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Warm-up and skill-building rituals

Module by: Siyavula Uploaders. E-mail the author


Grade 5


Module 4


Activity 1

Warming-up and skill-building rituals, as well as body care must be implemented throughout the year: use basic locomotor and non-locomotor movements.

Locomotor movements:


Explore more variations of walking, such as:

with knees bent high, forward or sideward

with legs turned inward and outward

with legs crossed on each step

with legs stretched wide apart

with various arm and hand movements, such as: hands folded behind the back; with stabbing movements; hand clapping above the head; beating on chest; arms held in any position without moving; arms swung in various positions; etc.

Change of direction, level, step-dimension (short or long), tempo and force (e.g. light, strong or moving smoothly).

Suggested combinations with a number of variations, e.g. walking forward, clapping hands in front on one step and behind on the next; walking with legs lifted high and clapping hands below one leg and then below the other; walking on toes with feet spread, swaying from side to side, clapping hand above the head.

Create own combination.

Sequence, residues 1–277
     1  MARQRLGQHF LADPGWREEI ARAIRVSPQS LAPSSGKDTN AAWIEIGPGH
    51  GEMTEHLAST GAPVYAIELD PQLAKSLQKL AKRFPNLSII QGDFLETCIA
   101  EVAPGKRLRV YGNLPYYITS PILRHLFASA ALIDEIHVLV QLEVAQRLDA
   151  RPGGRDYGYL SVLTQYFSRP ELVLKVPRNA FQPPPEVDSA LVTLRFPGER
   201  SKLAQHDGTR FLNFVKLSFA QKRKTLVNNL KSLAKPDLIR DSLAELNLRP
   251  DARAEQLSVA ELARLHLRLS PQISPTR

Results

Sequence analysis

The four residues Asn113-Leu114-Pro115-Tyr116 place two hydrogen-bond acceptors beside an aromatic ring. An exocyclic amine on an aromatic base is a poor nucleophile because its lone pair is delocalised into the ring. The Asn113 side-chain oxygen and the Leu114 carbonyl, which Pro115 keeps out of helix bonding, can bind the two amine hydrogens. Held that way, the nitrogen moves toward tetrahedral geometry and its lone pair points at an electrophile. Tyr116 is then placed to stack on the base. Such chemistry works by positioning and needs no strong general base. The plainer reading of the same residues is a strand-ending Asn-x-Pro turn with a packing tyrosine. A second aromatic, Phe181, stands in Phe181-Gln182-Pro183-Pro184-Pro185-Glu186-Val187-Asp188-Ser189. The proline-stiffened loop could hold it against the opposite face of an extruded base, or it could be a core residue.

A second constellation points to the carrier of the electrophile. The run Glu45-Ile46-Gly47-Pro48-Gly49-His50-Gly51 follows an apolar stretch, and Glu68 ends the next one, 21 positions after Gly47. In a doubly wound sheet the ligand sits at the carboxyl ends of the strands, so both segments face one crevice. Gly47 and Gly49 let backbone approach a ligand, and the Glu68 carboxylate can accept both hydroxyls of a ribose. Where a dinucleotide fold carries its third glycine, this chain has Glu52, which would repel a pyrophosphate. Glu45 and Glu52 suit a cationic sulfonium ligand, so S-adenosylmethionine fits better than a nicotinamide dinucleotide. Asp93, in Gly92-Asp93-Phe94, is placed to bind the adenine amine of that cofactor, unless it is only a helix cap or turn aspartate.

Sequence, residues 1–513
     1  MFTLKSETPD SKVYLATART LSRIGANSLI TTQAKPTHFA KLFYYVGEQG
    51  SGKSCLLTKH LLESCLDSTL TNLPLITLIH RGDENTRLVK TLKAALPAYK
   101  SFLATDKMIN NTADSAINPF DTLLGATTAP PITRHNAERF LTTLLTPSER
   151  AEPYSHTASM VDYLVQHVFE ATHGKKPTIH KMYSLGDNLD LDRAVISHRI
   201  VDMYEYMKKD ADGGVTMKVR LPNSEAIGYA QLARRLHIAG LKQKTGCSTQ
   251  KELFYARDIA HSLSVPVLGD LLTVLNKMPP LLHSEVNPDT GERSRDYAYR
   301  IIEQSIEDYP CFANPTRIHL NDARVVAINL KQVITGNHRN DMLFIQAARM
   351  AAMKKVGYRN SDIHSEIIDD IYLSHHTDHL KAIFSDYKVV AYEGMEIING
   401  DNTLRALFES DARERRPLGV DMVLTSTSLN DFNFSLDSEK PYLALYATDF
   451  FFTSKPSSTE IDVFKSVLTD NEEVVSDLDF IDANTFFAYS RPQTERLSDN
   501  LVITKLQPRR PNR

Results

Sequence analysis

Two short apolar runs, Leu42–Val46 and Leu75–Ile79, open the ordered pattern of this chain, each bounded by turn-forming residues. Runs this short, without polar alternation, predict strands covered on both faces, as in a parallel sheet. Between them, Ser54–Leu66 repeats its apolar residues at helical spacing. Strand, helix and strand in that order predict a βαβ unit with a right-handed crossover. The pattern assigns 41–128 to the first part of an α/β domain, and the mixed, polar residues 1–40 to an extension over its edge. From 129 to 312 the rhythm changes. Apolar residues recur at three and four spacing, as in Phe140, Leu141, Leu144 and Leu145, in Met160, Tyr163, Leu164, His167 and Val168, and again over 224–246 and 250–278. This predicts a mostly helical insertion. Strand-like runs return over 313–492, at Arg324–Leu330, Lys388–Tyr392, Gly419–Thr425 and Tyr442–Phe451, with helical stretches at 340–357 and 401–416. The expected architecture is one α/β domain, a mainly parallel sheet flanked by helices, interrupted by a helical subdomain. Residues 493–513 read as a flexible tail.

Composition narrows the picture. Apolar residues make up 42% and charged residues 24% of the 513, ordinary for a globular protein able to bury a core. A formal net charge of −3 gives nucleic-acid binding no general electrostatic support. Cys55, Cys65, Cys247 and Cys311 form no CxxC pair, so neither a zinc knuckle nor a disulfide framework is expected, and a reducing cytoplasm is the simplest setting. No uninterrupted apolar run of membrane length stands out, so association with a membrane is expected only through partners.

Explore variations of running:

change form, e.g. knees bent and lifted high up forward;

  • legs turned inside and outside;
  • use different arm and hand movements;
  • change special patterns, e.g. levels, dimensions of paces, routes,
  • focus (e.g. stare upwards, sideways or at a fixed focus point); change tempo.

Add different variations in different combinations, e.g. run forward with arms stretched forward, stare backward over any shoulder in a focused way.

Create own combination.

Non-locomotor (axial) movements(turn, bend, stretch, push and swing)

Explore bending and stretching of various body parts, e.g.

  • waist (forward and sideways); legs at knees and hip joints (lift legs);
  • change form by stretching (from small to big, outward in all directions) and contracting together with turning around the centre of the body (use correct breathing technique), at various levels, in different forms and with changing speed and force.

Suggested combinations:

  • succeeding outward and inward movements (stretching and bending in all directions) in a carried manner (legato); repeat in series of three or four pulsations (staccato);
  • move outward and inward with a turning, winding route);
  • fold hands together and stretch and bend elbows, make as many as possible changes with regard to direction, levels, force and speed.